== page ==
Spain’s greatest living director, Pedro Almodóvar, was recently in SoHo at the Crosby Hotel to promote his latest film, “I’m So Excited!,” an erotic airplane disaster comedy which opened in U.S. theaters on June 28, 2013. He was late, so I idly looked out the window and spotted him immediately by his trademark spiky anemone of grey hair as he emerged from a car.
Also at the press event were “I’m So Excited!” cast members Carlos Areces, Blanca Suárez and Miguel Ángel Silvestre. Areces nearly steals the movie as a campy airline attendant who along with his fellow flight attendants (Javier Cámara and Raúl Arévalo) lip synch and dance along to the Pointer Sister disco classic, from which the movie gets its American title, to distract passengers from the possibility their plane may crash.
Almodóvar is talkative, warm and very funny. He resembles a sort of lovable hipster Teddy bear. He spoke English, but when he got excited or his explanations became more complicated, which was often, he reverted to Spanish, which was translated by a dark-haired young woman who sat to his left.
In the film, which is almost entirely in the tight quarters of an airplane in first class – coach travelers are drugged asleep to avoid a condition called “economy class syndrome” – are an eclectic and shady group. They include a corrupt banker (José Luis Torrijo); a jittery psychic who is also a virgin (Lola Dueñas); a druggy bridegroom (Silvestre); a powerful dominatrix (longtime leading lady Cecilia Roth); an actor juggling two lovers (Guillermo Toledo); and a mystery man who is possibly an assassin (José María Yazpik).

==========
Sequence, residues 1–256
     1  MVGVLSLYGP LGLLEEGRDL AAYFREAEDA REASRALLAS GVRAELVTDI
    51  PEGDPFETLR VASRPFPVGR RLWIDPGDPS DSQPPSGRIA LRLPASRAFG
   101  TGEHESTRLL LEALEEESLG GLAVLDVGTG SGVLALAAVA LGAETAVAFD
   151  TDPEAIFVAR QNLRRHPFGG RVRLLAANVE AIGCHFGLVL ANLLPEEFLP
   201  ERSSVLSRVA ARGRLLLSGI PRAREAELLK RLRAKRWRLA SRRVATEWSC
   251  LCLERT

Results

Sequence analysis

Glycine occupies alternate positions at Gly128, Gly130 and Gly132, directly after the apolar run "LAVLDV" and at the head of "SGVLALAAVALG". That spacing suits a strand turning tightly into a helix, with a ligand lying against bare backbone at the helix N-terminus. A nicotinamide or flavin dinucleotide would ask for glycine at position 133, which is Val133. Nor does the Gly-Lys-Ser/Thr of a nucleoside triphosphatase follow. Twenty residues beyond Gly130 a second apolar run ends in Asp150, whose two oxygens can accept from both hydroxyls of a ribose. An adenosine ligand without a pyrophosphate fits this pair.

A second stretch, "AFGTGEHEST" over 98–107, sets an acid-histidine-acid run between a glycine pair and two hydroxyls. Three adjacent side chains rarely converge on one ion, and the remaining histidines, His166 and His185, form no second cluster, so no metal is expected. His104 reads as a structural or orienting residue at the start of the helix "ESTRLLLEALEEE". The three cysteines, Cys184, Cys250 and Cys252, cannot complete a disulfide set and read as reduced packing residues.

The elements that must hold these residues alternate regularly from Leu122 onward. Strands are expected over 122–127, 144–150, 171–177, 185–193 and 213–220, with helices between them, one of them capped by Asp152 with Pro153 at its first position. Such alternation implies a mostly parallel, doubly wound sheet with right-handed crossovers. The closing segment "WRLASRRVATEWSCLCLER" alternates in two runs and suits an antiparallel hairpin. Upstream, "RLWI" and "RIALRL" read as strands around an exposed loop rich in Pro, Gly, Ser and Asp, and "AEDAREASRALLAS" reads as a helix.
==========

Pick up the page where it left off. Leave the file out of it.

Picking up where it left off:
The movie opens on a high note with cameos by Penélope Cruz and Antonio Banderas as married airport workers whose negligence causes the plane’s later technical difficulties.
Almost all the action in the film takes place in a broken plane that flies in circles and cannot find a place to land. It sounds like a metaphor for Spain and its current political and financial meltdown.
Here are edited highlights from the press conference:
Q: How does the Pointer Sisters song fit into your life? Does it have any particular significance?
Pedro Almodóvar: I love it. I knew when I was young that I loved them. It’s good disco music. It was the perfect song for them, for the stewards. At the beginning, unconsciously, I didn’t realize that this movie is a kind of tribute to the 80’s in Spain. That decade that we found had absolute freedom in every sense, because Franco died five years before and there was a new democracy, everything changed for the best. I miss that feeling. I was young, and I could enjoy that moment very deeply.
How did you come up with the idea for the film?